March 8, 2017
Jon Cooper | The Good Word
Harrison Butker is grateful for the chance to recharge his batteries after completing the four-day whirlwind known as the NFL Scouting Combine last week.
In fact, it’s been something he’s been doing more than usual since coming back to Atlanta from Indianapolis and the NFL’s annual invitation-only event on Friday. It seems league personnel can’t get enough of him.
“My phone battery is dying so fast because I’ve been on it so much,” said Butker, with a laugh. “I’m going through this process where I have to pick up every phone call. I have been getting some calls and I don’t know the numbers and then you pick up and it’s a scout or a coach that you’ve met. It’s been a really cool experience. The combine was great. I got to meet with a lot of teams and a lot of coaches, so now I’m going to continue to get better at my craft, going to use all the information that I got from the combine to get better for Pro Day on March 17. It’s just been a fun experience.”
That the Decatur, Ga., native, Georgia Tech’s all-time leading scorer (337 points) got to go through this experience and could become so popular in NFL scouting circles says a lot, especially kicking for Paul Johnson, whose penchant for going for it on fourth down sometimes makes being Yellow Jackets place kicker a good option if you were to go into witness protection.
“In the spread option, you don’t get a lot of opportunities as the other guys on the field,” said Butker, who also finished as Georgia Tech’s career leader in PATs (208), and ranks third in school history in field-goal percentage (.717 — .882 as a senior, including 8-for-8 on kicks of at least 40 yards) and fifth in field goals made (43). “To be given that opportunity and to do well, that was just a great experience and I’m glad I was able to full take advantage of it.”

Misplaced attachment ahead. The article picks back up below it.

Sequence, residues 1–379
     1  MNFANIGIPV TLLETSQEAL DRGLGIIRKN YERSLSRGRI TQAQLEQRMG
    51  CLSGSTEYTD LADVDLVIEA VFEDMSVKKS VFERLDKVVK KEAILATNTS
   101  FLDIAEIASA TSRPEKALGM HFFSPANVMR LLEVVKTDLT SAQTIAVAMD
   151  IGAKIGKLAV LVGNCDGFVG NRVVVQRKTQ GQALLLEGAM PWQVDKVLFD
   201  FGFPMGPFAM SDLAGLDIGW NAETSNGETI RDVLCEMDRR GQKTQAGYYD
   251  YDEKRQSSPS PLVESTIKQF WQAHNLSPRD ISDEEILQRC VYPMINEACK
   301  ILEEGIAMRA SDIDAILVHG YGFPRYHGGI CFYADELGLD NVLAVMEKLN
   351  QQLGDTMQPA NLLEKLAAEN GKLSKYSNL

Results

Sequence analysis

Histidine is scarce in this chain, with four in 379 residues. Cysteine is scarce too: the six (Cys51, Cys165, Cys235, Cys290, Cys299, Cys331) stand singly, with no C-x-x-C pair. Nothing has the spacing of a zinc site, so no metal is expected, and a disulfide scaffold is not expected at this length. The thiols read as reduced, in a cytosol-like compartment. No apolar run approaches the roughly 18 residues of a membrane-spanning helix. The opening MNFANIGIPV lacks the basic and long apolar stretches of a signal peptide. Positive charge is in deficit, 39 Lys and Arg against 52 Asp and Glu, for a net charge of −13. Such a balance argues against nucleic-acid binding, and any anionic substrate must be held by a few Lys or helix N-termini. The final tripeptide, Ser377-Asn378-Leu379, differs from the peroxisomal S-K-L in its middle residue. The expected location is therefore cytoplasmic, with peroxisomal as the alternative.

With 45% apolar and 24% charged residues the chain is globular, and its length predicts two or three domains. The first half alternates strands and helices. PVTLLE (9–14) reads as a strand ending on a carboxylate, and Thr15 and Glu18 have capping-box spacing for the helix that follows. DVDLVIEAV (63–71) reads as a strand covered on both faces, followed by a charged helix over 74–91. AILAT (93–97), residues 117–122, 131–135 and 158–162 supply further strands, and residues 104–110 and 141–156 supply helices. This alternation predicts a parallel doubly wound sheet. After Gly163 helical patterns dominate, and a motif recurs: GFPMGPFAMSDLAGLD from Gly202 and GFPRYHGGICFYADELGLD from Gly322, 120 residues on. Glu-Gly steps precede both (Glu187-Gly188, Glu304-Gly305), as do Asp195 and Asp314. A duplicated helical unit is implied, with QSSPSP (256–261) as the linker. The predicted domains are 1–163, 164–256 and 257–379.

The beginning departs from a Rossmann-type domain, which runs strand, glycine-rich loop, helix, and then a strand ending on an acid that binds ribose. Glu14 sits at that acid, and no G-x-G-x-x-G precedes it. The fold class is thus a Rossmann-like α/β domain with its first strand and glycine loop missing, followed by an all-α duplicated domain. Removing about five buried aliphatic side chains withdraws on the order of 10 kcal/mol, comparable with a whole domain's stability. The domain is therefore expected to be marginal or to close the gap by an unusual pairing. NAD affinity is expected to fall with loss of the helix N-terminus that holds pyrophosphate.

Butker was one of only four place kickers nationwide given the opportunity to show his skills at the combine — joining Memphis’ Jake Elliott, Arizona State’s Zane Gonzalez and Stanford’s Conrad Ukropina. The amount of times his phone has rang since he came home is testament to how well he performed under the bright lights and the watchful eyes of NFL head coaches and scouts.
He compared it to going through recruiting coming out of The Westminster School.
“It’s similar, just at a bigger level,” he said. “It’s a little different though because college is football and school and that’s the next four years of your life. The NFL is almost like a business decision. It’s kind of two different decisions but both huge decisions. It’s a little bit more professional.”
For Butker, who was accompanied by his parents for moral support, kicking was actually the easy part of the four-day process in Indianapolis. Much harder was the waiting — beginning on Tuesday, when he checked in with the other specialists (also including five punters and two long snappers) and the offensive linemen.
It was a lot of waiting — kind of the ultimate ‘icing the kicker.’
“All you see on TV is the 40-yard dash and the drill work. There’s a lot more stuff that goes on behind the scenes that nobody ever knows about,” Butker said. “What I didn’t realize was the amount of events that are going on before the physical tests. They’re spending so much time making sure you’re healthy and then trying to figure out your personality and how smart you are. Yeah, you have to have the physical capabilities but you have to make sure you’re smart, you have to make sure you have a good head on your shoulders, that you have your priorities lined up, that you’re not getting in trouble. That is so important. No NFL team is going to take a chance on you unless they know they can trust you being kind of in that position of power or influence. Also, there were a lot of guys there that weren’t crazy big. So you never know. You have to keep working.